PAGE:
The autumn leaves hardly have started to fall, let alone the first snowflake, but on certain cool mornings, a team of sled dogs can be seen zipping up and down a quiet back road in Mayfield.
The Siberian huskies are harnessed to a dogsled on wheels - a vehicle that looks like a cross between a a mountain bike and a chariot from "Ben-Hur."
Mushing this team of canine athletes and riding in the dry-land sled rig is Kate Van Slyke, a local woman who loves her dogs as much as they love to run.
Kate Van Slyke trains with her team of sled dogs on a dirt road in Mayfield on Tuesday morning. Using her dry-land rig, she can train with the dogs as soon as the weather turns cool without waiting for snow cover. (The Leader-Herald/Bill Ackerbauer)
Van Slyke, a veterinary assistant at Noah's Ark Animal Hospital in Fonda, used to run cross-country and ski competitively when she was a student at Mayfield High School. While she's still interested in those sports, dogsled racing in all its various forms has become her true passion.
"There are so many more dynamics to this sport compared to just running by yourself," she said. Ensuring the dogs have the right nutrition and keep in top shape is part of the challenge.
Van Slyke says she's not terribly concerned about winning races or taking home trophies.
"It hardly has anything to do with the competition," she said. "Giving the dogs their job in life is what I like seeing."
Meet the pooches
Van Slyke got interested in dogsled racing and huskies after taking a trip to Alaska, home of the famous Iditarod sled race. Her first husky was Lux, a brown-and-white-coated dog that was "rescued right off the street in Schenectady," she said.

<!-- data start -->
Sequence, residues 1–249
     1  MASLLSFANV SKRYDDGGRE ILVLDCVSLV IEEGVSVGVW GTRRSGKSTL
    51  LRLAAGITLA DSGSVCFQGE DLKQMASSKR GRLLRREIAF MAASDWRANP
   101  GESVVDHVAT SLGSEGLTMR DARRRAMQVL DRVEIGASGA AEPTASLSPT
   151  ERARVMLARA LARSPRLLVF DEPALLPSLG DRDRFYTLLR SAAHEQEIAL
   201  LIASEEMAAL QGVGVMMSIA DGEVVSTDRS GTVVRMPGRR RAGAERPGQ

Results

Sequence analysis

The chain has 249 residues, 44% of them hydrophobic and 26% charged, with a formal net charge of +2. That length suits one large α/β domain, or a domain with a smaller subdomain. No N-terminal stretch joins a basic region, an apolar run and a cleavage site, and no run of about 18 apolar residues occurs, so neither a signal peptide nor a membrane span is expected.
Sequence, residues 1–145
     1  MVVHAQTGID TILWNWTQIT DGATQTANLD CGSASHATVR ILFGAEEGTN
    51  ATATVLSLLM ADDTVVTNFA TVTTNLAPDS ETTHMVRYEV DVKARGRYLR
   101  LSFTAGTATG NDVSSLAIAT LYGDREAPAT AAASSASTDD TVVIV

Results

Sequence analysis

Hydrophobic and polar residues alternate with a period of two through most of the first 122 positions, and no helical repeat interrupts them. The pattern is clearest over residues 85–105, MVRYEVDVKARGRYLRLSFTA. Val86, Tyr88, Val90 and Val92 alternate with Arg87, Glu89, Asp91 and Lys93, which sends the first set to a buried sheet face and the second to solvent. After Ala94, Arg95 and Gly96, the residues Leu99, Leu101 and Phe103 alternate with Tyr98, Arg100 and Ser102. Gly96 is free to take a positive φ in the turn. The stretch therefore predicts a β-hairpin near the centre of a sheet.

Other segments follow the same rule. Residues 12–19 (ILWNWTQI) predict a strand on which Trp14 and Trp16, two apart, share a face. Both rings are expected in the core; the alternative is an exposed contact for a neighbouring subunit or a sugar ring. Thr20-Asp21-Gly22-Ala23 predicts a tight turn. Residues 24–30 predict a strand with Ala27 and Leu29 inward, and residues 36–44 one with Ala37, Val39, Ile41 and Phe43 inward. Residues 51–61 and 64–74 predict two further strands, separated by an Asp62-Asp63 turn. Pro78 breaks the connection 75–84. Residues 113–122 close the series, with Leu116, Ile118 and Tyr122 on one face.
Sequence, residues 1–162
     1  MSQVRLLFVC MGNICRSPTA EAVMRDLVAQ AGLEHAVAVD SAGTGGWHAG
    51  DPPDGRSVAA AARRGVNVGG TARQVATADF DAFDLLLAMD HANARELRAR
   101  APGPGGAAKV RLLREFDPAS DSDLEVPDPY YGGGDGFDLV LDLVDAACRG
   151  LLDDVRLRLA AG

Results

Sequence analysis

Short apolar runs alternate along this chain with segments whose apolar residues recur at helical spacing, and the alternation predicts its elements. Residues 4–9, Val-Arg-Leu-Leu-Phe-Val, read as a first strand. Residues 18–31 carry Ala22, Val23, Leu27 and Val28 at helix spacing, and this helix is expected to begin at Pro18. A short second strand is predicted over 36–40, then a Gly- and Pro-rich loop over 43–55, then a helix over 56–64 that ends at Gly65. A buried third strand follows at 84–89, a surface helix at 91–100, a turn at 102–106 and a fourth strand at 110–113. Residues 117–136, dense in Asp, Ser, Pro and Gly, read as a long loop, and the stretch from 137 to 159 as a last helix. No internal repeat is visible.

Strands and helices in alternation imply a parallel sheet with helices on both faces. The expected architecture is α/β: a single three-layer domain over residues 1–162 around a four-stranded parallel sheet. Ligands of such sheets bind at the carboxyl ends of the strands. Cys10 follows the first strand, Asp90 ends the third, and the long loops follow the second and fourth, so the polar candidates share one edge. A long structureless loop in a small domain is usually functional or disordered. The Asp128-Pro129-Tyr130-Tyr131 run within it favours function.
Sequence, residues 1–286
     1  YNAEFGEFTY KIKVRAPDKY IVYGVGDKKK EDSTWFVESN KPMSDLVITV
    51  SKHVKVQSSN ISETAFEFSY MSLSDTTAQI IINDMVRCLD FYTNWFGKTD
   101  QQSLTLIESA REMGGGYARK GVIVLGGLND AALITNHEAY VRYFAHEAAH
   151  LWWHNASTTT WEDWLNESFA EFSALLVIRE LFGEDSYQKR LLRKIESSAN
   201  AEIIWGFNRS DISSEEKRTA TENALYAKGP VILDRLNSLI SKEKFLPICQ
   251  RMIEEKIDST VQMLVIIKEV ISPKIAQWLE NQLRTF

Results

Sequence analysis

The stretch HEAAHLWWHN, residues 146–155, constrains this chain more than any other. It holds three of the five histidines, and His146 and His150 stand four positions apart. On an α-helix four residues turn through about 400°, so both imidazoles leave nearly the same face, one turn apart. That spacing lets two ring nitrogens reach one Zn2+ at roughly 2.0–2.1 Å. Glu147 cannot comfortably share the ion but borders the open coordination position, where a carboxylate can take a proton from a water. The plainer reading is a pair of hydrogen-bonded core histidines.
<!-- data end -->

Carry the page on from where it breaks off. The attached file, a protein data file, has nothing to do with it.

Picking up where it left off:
"When I got him, you could poke your fingers right between his ribs, he was so emaciated," she said.
But with a bit of TLC, Lux soon had some meat on his bones. Van Slyke began experimenting with dogsledding by hooking him up to a small sled loaded with firewood. One dog alone isn't strong enough to pull a person, so she started recruiting more team members. She now has five dogs, four of whom she rescued or adopted.
Van Slyke went to a breeder to buy her youngest dog, Icarus, who isn't fully grown yet.
"Oddly, she's one of my best runners, so age doesn't necessarily matter," Van Slyke said. "She's got generations of great breeding behind her."
Her lead dog, Star, earned his position at the head of the pack by obeying commands well and being "mentally quick," she said. Star knows "Gee" means "turn right" and "Haw" means "turn left" - the same verbal commands used to steer draft horses.
One of Van Slyke's five dogs, Moon, doesn't race competitively, but he travels with the group, and he's so good with children, he serves as a good-will ambassador when they go to public events.
"He's earned his spot on the team because of that," she said.
Van Slyke said her racing dogs are all 4 years old or younger, so each of them can look forward to at least three or four more good years of running before retiring from competition.
"I've always been told that a dog will tell you when it doesn't want to run anymore," she said.
On Tuesday morning, Van Slyke's four huskies seemed to be saying they simply couldn't get enough running.
She said she treats the dogs like members of her family, but she doesn't treat them like people.
"They're dogs, and you have to give them jobs that are natural for them," she said. "For huskies, that's running. It's what they are meant to do."